Nevertheless, that could change if Washington’s plans slip further behind schedule and Beijing accelerates its own, seeing “a window of opportunity to steal the US thunder”, says Malcolm Davis, a senior analyst and space specialist at the Australian Strategic Policy Institute.

“There would be huge prestige for China if it beats the US back to the moon,” Davis said, referring to Washington’s success in planting its flag on the lunar surface in 1969. Nasa’s Artemis program is set for its maiden lift-off this year, with a giant Space Launch System rocket due to hoist an uncrewed Orion spacecraft into lunar orbit.


Former billionaire Anil Ambani faces a fire sale of his assets.

Each of the following will be up for sale: India’s fifth-largest privately owned general insurance company, a stockbroker, a stake in an asset manager and Reliance Capital’s 51 per cent share in a life insurance venture with Japan’s Nippon Life.

A court-appointed administrator has been handed control of Ambani’s Reliance Capital after it defaulted on $3.5bn in debts.

The expected sale is the latest, very public blow to Ambani, 62, whose fortunes have crumbled — in stark contrast to those of his brother Mukesh, with whom he divided their father’s business empire a decade and a half ago.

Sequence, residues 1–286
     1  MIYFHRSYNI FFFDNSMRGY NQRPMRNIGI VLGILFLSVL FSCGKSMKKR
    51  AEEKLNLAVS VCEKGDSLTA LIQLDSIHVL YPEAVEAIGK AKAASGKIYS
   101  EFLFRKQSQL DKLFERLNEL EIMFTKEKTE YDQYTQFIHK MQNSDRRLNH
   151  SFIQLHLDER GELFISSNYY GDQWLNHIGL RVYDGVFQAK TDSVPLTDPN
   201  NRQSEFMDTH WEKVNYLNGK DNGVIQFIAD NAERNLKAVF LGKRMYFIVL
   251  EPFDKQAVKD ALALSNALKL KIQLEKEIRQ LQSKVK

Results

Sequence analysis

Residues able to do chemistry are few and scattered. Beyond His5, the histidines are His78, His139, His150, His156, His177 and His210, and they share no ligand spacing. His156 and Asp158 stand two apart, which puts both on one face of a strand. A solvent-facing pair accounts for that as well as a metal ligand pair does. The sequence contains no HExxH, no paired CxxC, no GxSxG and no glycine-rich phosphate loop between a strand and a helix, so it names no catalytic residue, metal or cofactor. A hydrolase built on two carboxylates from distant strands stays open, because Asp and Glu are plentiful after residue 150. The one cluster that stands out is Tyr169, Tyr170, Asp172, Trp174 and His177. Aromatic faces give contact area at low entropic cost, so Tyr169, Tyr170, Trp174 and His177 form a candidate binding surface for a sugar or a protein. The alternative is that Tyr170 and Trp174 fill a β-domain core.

Ventures from telecoms to energy have gone bust or defaulted on loans, and Ambani has declared himself to have a personal net worth of zero.

When sages speak

  • Behind the resolve to win the tech war against the US stand Chinese experts convinced China can take the lead, writes Valarie Tan for Merics, a Berlin-based think-tank.

  • Jacob Feldgoise and Matt Sheehan at the Carnegie Endowment for International Peace examine how US businesses view China’s increasing influence over international standards.

#techFT — The latest on the most pressing issues in the tech sector. Sign up here

#fintechFT — The latest on the most pressing issues in the tech sector. Sign up here